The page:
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Malnutrition, disease and food insecurity – a perfect recipe for disaster for Somalia’s children 0

Since the beginning of the year, outbreaks of cholera and later measles have been spreading across Somalia. The severe and prolonged drought has also caused high malnutrition among children. Unicef estimates that 1.4-million children will suffer from acute malnutrition this year, including 277,000 severe cases.

With just a roof, this open barn was once used as livestock market for Dolow town. Now enclosed by orange tarpaulin, it has been turned into a makeshift hospital for patients stricken by the latest cholera outbreak.

Inside the quiet, stifling wards, two-year-old Rahma lies on a stretcher. No one has noticed – not even her father sitting right next to her – that she is fighting for her life. Quiet and motionless, she appears to be just taking a nap.

John Ntambi, Unicef Nutrition Specialist, happens to walk in during a planned visit to monitor Unicef’s support to the hospital. A doctor by training, he takes one look at Rahma and immediately rushes to her side. One glance was all he needed to see that she is not doing well. But it is already too late.

Rahma’s eyes are rolled back. She is losing consciousness fast. Before anything can be done to treat her, she gasps for the last time, then she is gone.

Slowly, her father, Abdi Mohamed Ali, begins to absorb what has just happened. He gently wraps her body from head to toe in the shawl she has been wearing.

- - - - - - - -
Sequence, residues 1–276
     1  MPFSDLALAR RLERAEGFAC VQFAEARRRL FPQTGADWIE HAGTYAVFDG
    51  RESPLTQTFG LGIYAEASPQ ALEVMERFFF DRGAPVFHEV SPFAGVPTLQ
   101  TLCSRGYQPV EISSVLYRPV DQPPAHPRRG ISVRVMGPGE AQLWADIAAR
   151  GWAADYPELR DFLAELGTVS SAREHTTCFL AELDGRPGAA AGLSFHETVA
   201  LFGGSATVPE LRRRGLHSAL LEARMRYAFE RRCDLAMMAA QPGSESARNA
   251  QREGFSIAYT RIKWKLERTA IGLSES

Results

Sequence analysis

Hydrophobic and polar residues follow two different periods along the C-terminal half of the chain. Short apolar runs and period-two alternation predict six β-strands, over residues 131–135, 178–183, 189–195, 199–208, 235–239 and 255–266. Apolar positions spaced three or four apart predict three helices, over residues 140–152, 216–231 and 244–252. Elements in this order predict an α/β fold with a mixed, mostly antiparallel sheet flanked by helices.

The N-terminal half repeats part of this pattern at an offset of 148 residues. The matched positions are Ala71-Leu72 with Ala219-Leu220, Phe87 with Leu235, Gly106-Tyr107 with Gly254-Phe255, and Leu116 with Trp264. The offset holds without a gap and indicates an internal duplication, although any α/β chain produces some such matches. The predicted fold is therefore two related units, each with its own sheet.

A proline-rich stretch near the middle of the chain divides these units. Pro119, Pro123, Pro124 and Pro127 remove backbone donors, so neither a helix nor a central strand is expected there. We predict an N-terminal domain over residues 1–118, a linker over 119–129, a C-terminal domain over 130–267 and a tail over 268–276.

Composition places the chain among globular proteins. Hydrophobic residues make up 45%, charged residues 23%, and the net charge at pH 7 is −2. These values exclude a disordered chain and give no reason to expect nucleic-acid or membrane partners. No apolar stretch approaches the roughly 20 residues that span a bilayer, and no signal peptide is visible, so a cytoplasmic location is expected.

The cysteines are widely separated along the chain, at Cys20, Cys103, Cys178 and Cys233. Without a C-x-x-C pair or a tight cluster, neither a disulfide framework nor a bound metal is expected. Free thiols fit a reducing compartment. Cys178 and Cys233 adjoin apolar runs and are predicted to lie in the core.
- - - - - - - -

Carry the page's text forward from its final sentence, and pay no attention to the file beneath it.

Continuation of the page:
The father and daughter came here at 4am because of Rahma’s severe abdominal pain. They came from the nearby Kabasa camp for displaced people. Because of drought, they had been relying on the river for water.

In the next ward, another little girl also named Rahma is sick with not one but three illnesses – diarrhoea, fever and severe acute malnutrition. Her mother Fatuma picks her up and tries to comfort her, but that only invites more squirms and squeals. This is the second time Rahma has been brought here in just a few days.

“We spent only three days at home then she got sick again,” says Fatuma. “We have been here for four days now and she is not getting any better.”

Since the beginning of the year, outbreaks of cholera and later measles have been spreading across Somalia. The severe and prolonged drought has also caused high malnutrition among children. Unicef estimates that 1.4 million children will suffer from acute malnutrition this year, including 277,000 severe cases.

Compared to the 2011 famine, donors and humanitarian agencies acted much quicker this time when warning signs emerged that Somalia was headed into another famine.

Under its emergency response, Unicef, together with partners, has treated 85,000 children for severe malnutrition and 42,000 for acute watery diarrhoea/cholera. Emergency vaccination campaigns in measles hotspots have reached nearly 530,000 children.

Continue reading on The Daily Maverick

By Kun Li

Picture credit: UNICEF Nutrition Specialist Irene Obare weighs a young girl during a malnutrition screening at a DFID-supported Outpatient Therapeutic Program in Baidoa (Somalia). Unicef/Knowles Coursin.

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